Loss of cAMP-dependent stimulation of isolated cilia motility by alcohol exposure is oxidant-dependent

Michael E. Price, Carresse L. Gerald, Jacqueline A. Pavlik, Sarah L. Schlichte, Matthew C Zimmerman, Jane M. DeVasure, Todd A Wyatt, Joseph Harold Sisson

Research output: Contribution to journalArticle

2 Citations (Scopus)

Abstract

Alcohol exposure is associated with decreased mucociliary clearance, a key innate defense essential to lung immunity. Previously, we identified that prolonged alcohol exposure results in dysfunction of airway cilia that persists at the organelle level. This dysfunction is characterized by a loss of 3′,5′-cyclic adenosine monophosphate (cAMP)-mediated cilia stimulation. However, whether or not ciliary dysfunction develops intrinsically at the organelle level has not been explored. We hypothesized that prolonged alcohol exposure directly to isolated demembranated cilia (axonemes) causes ciliary dysfunction. To test this hypothesis, we exposed isolated axonemes to alcohol (100 mM) for 1–24 h and assessed ciliary beat frequency (CBF) in response to cAMP at 1, 3, 4, 6, and 24 h post-exposure. We found that after 1 h of alcohol exposure, cilia axonemes do not increase CBF in response to cAMP. Importantly, by 6 h after the initial exposure to alcohol, cAMP-mediated CBF was restored to control levels. Additionally, we found that thioredoxin reverses ciliary dysfunction in axonemes exposed to alcohol. Finally, we identified, using a combination of a xanthine oxidase oxidant-generating system, direct application of hydrogen peroxide, and electron paramagnetic resonance, that hydrogen peroxide versus superoxide, is likely the key oxidant species driving alcohol-induced ciliary dysfunction in isolated axonemes. These data highlight the role of alcohol to stimulate local production of oxidants in the axoneme to cause ciliary dysfunction. Additionally, these data specifically add hydrogen peroxide as a potential therapeutic target in the treatment or prevention of alcohol-associated ciliary dysfunction and subsequent pneumonia.

Original languageEnglish (US)
JournalAlcohol
DOIs
StatePublished - Jan 1 2019

Fingerprint

Cilia
Oxidants
Cyclic AMP
Axoneme
alcohol
Alcohols
Hydrogen Peroxide
Organelles
Mucociliary Clearance
Thioredoxins
cause
Xanthine Oxidase
Level control
Electron Spin Resonance Spectroscopy
immunity
Superoxides
Paramagnetic resonance
Immunity
Pneumonia
Lung

Keywords

  • alcohol
  • axoneme
  • cilia
  • hydrogen peroxide
  • redox

ASJC Scopus subject areas

  • Health(social science)
  • Biochemistry
  • Toxicology
  • Neurology
  • Behavioral Neuroscience

Cite this

Loss of cAMP-dependent stimulation of isolated cilia motility by alcohol exposure is oxidant-dependent. / Price, Michael E.; Gerald, Carresse L.; Pavlik, Jacqueline A.; Schlichte, Sarah L.; Zimmerman, Matthew C; DeVasure, Jane M.; Wyatt, Todd A; Sisson, Joseph Harold.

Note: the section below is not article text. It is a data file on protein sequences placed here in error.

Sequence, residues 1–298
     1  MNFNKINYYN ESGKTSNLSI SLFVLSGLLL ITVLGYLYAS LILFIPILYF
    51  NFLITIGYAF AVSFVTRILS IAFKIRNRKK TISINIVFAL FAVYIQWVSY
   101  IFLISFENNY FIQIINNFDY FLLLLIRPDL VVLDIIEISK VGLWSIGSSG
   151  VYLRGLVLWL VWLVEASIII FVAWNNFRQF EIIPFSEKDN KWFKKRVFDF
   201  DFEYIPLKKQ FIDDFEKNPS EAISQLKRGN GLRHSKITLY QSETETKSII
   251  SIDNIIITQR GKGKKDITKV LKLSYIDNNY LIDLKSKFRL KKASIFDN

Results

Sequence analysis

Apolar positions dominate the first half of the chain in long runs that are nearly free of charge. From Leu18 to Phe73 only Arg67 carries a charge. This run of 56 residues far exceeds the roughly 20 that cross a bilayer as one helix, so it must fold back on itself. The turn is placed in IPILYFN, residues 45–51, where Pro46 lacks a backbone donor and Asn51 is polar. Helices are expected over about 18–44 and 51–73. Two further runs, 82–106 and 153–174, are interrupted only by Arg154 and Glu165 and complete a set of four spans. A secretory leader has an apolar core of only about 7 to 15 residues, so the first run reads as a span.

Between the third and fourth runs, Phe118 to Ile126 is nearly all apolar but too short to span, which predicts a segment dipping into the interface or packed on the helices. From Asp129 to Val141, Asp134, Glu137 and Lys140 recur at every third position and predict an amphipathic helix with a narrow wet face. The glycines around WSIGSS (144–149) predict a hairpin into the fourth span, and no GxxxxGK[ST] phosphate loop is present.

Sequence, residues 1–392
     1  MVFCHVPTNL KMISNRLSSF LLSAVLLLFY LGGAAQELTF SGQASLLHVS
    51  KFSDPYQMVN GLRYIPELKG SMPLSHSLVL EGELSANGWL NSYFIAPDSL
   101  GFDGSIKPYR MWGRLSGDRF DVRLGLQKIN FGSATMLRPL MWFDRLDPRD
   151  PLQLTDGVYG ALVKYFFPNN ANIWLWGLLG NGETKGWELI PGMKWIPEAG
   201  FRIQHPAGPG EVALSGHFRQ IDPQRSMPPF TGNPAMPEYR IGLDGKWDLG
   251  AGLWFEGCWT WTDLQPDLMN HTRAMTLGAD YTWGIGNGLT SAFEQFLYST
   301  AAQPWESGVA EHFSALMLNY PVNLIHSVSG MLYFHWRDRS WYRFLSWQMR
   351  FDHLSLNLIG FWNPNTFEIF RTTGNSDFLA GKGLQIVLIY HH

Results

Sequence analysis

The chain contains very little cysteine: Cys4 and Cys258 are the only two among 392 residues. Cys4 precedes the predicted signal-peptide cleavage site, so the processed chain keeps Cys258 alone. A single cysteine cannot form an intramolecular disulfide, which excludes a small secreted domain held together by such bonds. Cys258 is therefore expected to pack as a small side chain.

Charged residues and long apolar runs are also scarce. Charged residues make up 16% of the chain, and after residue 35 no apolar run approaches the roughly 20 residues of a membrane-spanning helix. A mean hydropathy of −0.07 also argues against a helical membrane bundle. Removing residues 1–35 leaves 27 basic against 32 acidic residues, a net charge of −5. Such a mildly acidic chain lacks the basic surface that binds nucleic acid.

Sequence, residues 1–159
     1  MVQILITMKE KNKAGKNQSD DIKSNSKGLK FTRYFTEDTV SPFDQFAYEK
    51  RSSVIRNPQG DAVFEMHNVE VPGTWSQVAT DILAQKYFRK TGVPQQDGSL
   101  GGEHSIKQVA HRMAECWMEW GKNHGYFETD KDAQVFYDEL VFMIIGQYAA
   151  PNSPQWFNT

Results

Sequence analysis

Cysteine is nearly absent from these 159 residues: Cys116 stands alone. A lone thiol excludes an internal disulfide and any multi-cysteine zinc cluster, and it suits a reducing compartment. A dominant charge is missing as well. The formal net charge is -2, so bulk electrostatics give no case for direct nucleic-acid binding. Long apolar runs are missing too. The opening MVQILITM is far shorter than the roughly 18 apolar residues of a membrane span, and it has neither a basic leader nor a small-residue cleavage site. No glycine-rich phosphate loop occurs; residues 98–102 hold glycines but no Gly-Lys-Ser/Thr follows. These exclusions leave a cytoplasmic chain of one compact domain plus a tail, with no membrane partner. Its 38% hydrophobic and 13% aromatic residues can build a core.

In: Alcohol, 01.01.2019.

Research output: Contribution to journalArticle

Price, Michael E. ; Gerald, Carresse L. ; Pavlik, Jacqueline A. ; Schlichte, Sarah L. ; Zimmerman, Matthew C ; DeVasure, Jane M. ; Wyatt, Todd A ; Sisson, Joseph Harold. / Loss of cAMP-dependent stimulation of isolated cilia motility by alcohol exposure is oxidant-dependent. In: Alcohol. 2019.
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abstract = "Alcohol exposure is associated with decreased mucociliary clearance, a key innate defense essential to lung immunity. Previously, we identified that prolonged alcohol exposure results in dysfunction of airway cilia that persists at the organelle level. This dysfunction is characterized by a loss of 3′,5′-cyclic adenosine monophosphate (cAMP)-mediated cilia stimulation. However, whether or not ciliary dysfunction develops intrinsically at the organelle level has not been explored. We hypothesized that prolonged alcohol exposure directly to isolated demembranated cilia (axonemes) causes ciliary dysfunction. To test this hypothesis, we exposed isolated axonemes to alcohol (100 mM) for 1–24 h and assessed ciliary beat frequency (CBF) in response to cAMP at 1, 3, 4, 6, and 24 h post-exposure. We found that after 1 h of alcohol exposure, cilia axonemes do not increase CBF in response to cAMP. Importantly, by 6 h after the initial exposure to alcohol, cAMP-mediated CBF was restored to control levels. Additionally, we found that thioredoxin reverses ciliary dysfunction in axonemes exposed to alcohol. Finally, we identified, using a combination of a xanthine oxidase oxidant-generating system, direct application of hydrogen peroxide, and electron paramagnetic resonance, that hydrogen peroxide versus superoxide, is likely the key oxidant species driving alcohol-induced ciliary dysfunction in isolated axonemes. These data highlight the role of alcohol to stimulate local production of oxidants in the axoneme to cause ciliary dysfunction. Additionally, these data specifically add hydrogen peroxide as a potential therapeutic target in the treatment or prevention of alcohol-associated ciliary dysfunction and subsequent pneumonia.",
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